A young woman of Moab, Ruth was widowed together with her mother-in-law, Naomi, and her Moabite sister-in-law, Orpah. Brokenhearted and destitute, Naomi decided to return to her native town of Bethlehem in Judah. She urged her daughters-in-law to return to their parent's homes, where they might be helped to find new husbands. Orpah complied. Ruth refused.
"Entreat me not to leave you," she said, "or to turn back from following you. For where you go, I will go, and where you lodge, I will lodge. Your people shall be my people, and your God my God."
Enduring poverty and great hardship without complaint, Ruth supported herself and Naomi in Bethlehem by gleaning barley left behind for the poor by the harvest reapers. The labor was backbreaking and humble, but she persevered. Her hard work and love for her mother-in-law impressed the townspeople and attracted Boaz, a wealthy landowner and kinsman of Naomi's.
Noticing that Boaz liked Ruth, Naomi arranged for her future. She told her to go to Boaz's barn on the night of harvest festival when he would be sleeping there. Ruth was to lie at his feet and cover herself with his cloak. Under Jewish law, this gesture amounted to a silent claim on him for his protection and care. Ruth obeyed.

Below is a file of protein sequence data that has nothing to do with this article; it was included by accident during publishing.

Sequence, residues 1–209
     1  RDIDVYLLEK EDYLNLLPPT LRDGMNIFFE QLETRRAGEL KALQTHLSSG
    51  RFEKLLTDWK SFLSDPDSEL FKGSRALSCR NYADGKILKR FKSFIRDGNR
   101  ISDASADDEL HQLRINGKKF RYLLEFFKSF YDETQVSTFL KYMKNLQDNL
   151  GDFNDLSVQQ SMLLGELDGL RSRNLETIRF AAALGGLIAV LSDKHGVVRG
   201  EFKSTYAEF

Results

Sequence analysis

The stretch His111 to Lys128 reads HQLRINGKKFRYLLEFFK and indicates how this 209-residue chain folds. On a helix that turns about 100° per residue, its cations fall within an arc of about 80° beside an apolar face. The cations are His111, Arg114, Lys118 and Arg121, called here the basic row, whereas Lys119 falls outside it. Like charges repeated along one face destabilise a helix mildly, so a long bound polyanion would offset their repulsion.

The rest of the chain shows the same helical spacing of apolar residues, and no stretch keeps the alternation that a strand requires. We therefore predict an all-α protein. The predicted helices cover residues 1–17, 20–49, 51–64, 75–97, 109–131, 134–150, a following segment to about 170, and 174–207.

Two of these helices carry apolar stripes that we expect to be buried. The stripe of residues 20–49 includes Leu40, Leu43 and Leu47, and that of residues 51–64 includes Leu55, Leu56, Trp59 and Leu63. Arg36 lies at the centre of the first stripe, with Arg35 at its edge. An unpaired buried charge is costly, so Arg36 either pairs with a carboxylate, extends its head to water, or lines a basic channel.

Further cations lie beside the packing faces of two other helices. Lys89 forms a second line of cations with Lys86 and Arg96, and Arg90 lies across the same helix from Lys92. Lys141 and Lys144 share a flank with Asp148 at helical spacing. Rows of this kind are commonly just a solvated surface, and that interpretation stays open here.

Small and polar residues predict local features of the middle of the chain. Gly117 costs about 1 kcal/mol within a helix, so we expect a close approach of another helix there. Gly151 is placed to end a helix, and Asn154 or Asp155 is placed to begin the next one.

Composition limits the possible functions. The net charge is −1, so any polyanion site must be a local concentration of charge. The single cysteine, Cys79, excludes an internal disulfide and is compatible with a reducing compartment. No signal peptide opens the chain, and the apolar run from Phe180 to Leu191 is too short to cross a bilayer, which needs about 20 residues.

Waking to discover her there, Boaz wasted no time. He hurried to the city gate where he arranged to redeem Naomi and Ruth's small property, and to marry Ruth. Their happy marriage was blessed with a son, Obed, who was the apple of his grandmother Naomi's eye. This child was a link in the great House of David, which produced King David, Solomon, and eventually Jesus Christ.
The Book of Ruth is a story of the triumph of steadfast love over poverty, obscurity, and the stigma of being a foreigner. Ruth is one of the most endearing characters in the Bible. (Story and Biblical references on back of card)
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